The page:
Worldwide sales of fitness trackers increased from US$14 billion in 2017 to over $36 billion in 2020. The skyrocketing success of these gadgets suggests that more people than ever see some value in keeping tabs on the number of steps they take, flights of stairs they climb, time they spend sitting, calories they burn.

 

The manufacturers of these devices certainly want consumers to believe that tracking fitness or health-related behaviors will spur them on to increase their activity levels make them healthier.

Our analysis of research published over the past 25 years suggests otherwise.

We are professors of kinesiology – the science of human body movement – at Boise State, the University of Tennessee, the University of North Florida. To learn whether how physical activity has changed in the years since fitness trackers became popular, we analyzed more than two decades of research from several industrialized nations – all conducted before the COVID-19 pandemic.

Our systematic review of data from eight developed nations around the world shows that despite the surge in sales of fitness trackers, physical activity declined from 1995 to 2017.

What’s more, we discovered that this was not an isolated effect in one or two countries, but a widespread trend.

Reviewing the research

To conduct the study, we first searched for published research that tracked physical activity such as walking, household activities, or playing sports throughout the day. We wanted studies that obtained two ‘snapshots’ of daily activity from a population, with the measurements separated by at least one year.

We found 16 studies from eight different countries that met these criteria: Canada, the Czech Republic, Denmark, Greece, Japan, Norway, Sweden, the United States. The studies were conducted between 1995 2017.

 

It is important to note that these snapshots did not track specific individuals. Rather, they tracked samples of people from the same age group. For example, one Japanese study of physical activity among adults ages 20 to 90 collected data each year for 22 years from people in each age group.

Scientists tracked the participants’ physical activity using a variety of wearable devices, from simple pedometers – step counters – to more sophisticated activity monitors like accelerometers.

The study groups ranged from large, nationally representative samples numbering tens of thousands of people to small samples of several hundred students from a few local schools.

After identifying the research studies, we calculated an ‘effect size’ for each study. The effect size is a method of adjusting the data to allow for an ‘apples-to-apples’ comparison. To calculate the effect size, we used the data reported in the studies.

These include the average physical activity at the beginning end of each study, the sample size, a measure of the variability in physical activity. Using a technique called meta-analysis, this allowed us to combine the results of all studies to come up with an overall trend.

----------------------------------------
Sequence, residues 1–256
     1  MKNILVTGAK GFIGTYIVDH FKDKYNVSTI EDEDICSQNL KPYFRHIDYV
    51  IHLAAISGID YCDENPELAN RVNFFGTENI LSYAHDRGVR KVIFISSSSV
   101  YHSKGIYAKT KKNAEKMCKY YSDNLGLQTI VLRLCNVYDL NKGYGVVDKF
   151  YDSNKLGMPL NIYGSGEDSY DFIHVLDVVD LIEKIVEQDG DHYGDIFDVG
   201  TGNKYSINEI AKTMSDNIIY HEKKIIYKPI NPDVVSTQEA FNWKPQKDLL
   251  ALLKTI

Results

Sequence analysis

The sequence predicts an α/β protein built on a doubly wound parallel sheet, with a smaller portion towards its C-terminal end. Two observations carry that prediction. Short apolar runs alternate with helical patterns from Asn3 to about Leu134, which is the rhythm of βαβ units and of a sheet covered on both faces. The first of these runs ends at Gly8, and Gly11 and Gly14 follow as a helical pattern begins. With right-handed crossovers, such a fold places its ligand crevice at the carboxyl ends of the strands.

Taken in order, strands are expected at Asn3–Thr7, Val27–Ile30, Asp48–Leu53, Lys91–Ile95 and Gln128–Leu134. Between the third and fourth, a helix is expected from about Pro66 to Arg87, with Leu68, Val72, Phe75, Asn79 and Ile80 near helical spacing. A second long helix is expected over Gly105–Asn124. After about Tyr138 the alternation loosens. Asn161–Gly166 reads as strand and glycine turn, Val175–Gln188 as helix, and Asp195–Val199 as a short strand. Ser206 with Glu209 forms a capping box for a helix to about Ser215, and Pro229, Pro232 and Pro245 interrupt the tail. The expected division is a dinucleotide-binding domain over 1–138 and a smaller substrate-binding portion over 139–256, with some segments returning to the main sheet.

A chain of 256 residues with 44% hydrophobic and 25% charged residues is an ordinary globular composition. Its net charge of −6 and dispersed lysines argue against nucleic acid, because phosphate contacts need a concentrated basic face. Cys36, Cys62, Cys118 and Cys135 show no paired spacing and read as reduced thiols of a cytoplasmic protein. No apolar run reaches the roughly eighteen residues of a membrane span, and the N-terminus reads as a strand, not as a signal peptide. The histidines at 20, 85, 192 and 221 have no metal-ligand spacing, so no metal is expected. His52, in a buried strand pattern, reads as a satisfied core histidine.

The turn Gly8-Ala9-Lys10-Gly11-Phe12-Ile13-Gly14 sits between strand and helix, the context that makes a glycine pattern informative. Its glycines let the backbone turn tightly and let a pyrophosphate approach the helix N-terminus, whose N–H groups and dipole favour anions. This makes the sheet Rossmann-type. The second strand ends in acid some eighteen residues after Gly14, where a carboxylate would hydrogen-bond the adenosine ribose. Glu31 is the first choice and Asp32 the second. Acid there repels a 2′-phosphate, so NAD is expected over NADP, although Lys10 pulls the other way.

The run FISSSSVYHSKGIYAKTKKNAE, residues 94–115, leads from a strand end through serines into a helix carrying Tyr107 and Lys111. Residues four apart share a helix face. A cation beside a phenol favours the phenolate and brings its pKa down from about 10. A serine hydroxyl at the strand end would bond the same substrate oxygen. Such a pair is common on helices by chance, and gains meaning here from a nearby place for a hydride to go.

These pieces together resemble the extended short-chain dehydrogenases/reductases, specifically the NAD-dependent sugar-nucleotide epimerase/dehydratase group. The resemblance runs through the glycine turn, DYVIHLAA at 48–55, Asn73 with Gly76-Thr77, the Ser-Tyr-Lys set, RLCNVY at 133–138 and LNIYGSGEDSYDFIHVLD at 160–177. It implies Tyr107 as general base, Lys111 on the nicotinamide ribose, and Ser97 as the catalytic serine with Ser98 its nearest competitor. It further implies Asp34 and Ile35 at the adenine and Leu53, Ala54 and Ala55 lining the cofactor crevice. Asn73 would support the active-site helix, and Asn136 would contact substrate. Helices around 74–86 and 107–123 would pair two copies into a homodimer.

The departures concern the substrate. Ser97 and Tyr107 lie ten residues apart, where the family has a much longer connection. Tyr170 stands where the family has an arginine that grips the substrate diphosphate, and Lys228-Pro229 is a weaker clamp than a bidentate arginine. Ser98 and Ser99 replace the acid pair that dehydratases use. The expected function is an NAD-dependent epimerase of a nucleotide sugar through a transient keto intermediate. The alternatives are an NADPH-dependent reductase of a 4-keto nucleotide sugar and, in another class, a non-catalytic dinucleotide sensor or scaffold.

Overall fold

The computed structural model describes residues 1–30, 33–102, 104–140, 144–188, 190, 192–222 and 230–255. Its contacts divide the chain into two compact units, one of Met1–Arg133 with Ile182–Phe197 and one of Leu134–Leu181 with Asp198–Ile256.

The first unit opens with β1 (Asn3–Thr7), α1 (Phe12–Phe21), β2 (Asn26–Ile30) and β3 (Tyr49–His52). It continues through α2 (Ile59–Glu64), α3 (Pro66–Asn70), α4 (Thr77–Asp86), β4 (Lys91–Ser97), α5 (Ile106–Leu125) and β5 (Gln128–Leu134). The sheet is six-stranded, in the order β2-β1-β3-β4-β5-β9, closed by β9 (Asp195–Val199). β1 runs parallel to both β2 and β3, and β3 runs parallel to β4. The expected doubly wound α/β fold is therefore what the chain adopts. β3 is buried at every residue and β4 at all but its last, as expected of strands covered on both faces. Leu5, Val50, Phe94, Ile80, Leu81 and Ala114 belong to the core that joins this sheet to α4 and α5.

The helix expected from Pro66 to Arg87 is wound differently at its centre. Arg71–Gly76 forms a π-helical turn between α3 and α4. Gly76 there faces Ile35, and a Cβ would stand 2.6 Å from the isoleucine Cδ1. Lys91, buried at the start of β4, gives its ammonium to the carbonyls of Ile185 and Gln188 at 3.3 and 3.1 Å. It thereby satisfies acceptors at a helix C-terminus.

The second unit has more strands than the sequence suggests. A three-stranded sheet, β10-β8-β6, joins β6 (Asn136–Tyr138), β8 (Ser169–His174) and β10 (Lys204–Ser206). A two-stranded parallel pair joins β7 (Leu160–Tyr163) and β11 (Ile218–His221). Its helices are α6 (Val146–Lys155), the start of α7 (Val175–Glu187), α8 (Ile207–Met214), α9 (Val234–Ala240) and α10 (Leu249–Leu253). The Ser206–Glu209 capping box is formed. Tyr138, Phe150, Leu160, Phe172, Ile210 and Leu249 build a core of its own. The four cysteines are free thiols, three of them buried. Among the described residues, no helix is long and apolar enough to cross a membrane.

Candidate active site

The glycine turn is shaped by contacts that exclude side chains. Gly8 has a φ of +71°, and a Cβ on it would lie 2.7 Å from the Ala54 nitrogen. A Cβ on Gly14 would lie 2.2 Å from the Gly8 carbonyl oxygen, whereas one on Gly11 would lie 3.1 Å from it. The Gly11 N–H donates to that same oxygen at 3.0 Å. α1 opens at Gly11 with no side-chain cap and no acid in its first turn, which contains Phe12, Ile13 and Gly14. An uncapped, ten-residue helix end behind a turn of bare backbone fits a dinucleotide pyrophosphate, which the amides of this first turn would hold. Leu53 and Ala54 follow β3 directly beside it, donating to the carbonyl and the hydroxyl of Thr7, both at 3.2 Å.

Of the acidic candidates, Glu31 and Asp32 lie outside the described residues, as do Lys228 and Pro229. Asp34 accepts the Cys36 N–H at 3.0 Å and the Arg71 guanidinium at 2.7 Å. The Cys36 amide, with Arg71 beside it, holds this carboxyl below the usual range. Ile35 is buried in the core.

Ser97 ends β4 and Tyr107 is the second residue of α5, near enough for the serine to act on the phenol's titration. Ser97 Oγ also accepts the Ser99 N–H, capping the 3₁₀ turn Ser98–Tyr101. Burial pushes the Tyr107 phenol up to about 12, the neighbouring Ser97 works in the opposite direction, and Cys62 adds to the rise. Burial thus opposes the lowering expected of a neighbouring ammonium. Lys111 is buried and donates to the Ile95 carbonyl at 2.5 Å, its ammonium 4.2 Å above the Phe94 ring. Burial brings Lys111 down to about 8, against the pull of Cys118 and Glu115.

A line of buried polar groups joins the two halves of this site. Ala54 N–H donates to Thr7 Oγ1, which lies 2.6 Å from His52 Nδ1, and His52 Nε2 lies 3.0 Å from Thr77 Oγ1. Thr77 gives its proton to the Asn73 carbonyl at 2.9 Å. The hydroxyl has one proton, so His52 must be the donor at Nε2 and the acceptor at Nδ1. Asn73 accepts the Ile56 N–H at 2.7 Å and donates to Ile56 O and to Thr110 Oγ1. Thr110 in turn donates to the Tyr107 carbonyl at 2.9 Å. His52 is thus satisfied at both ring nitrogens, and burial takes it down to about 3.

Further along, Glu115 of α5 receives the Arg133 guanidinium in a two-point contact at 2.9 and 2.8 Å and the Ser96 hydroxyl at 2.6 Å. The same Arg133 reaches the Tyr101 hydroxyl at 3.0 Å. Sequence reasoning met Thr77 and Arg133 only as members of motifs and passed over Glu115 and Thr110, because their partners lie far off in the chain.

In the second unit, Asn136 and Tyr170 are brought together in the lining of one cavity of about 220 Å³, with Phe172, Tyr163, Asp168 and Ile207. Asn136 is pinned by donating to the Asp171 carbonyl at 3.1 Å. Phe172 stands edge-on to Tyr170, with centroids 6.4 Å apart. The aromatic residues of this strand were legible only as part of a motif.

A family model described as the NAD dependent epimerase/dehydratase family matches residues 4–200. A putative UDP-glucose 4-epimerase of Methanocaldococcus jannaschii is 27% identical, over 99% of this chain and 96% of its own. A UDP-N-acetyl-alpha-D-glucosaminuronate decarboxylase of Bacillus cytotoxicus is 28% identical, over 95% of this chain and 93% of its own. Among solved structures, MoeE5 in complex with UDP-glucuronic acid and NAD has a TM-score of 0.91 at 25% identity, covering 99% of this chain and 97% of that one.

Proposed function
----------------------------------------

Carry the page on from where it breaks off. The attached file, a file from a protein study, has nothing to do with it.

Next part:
We discovered that overall, researchers documented fairly consistent declines in physical activity, with similar decreases in each geographical region in both sexes.

Overall, the decrease in physical activity per person was over 1,100 steps per day between 1995 2017.

Our most striking finding was how sharply physical activity declined among adolescents ages 11 to 19 years – by roughly 30 percent – in the span of a single generation.

For instance, when we compared the studies reporting physical activity in steps per day, we found the total steps per day per decade declined by an average of 608 steps per day in adults, 823 steps per day in children, 1,497 steps per day in adolescents.

Our study doesn’t address why physical activity has declined over the past 25 years. However, the studies we reviewed mentioned some contributing factors.

More staring at screens, less walking or bicycling

Among adolescents, declines in physical activity were associated with increases in ownership use of smartphones, tablets, video games, social media.

In the U.S., for example, screen time increased dramatically in adolescents, from five hours per day in 1999 to 8.8 hours per day in 2017.

 

At school, most of the physical activity that adolescents perform has traditionally come from physical education classes. However, the changes in the frequency of physical education classes during the study period are inconsistent vary from country to country.

All of these factors may help to explain the decline in physical activity that we observed in our study.

In addition, fewer adults children are walking or bicycling to school or work than 25 years ago.

For instance, in the late 1960s, most U.S. children ages 5 to 14 rode a bicycle or walked to school. Since then, this ‘active transportation’ has largely been replaced by automobile trips. Rates of travel by school bus or public transportation have seen little change.

So why use a fitness tracker?

So if levels of physical activity have dropped at the same time that the popularity of fitness tracking has grown, what makes these gadgets useful?

Fitness trackers can help to increase people’s awareness of their daily physical activity. However, these devices are only part of the solution to addressing the problem of sedentary lifestyles. They are facilitators, rather than drivers, of behavior change.

When a person’s physical activity goes down, it opens the door to overall reduced fitness levels other health problems such as obesity or diabetes.

On the other hand, physical activity has a dramatic positive impact on health well-being.

The first step to increasing active movement is to measure it, which these devices can do. But successfully increasing one’s overall physical activity requires several additional factors such as goal-setting, self-monitoring, positive feedback, social support.

Scott A. Conger, Associate Professor of Exercise Physiology, Boise State University; David Bassett, Professor Department Head of Kinesiology, Recreation Sport Studies, University of Tennessee, Lindsay Toth, Assistant Professor of Kinesiology, University of North Florida.

This article is republished from The Conversation under a Creative Commons license. Read the original article.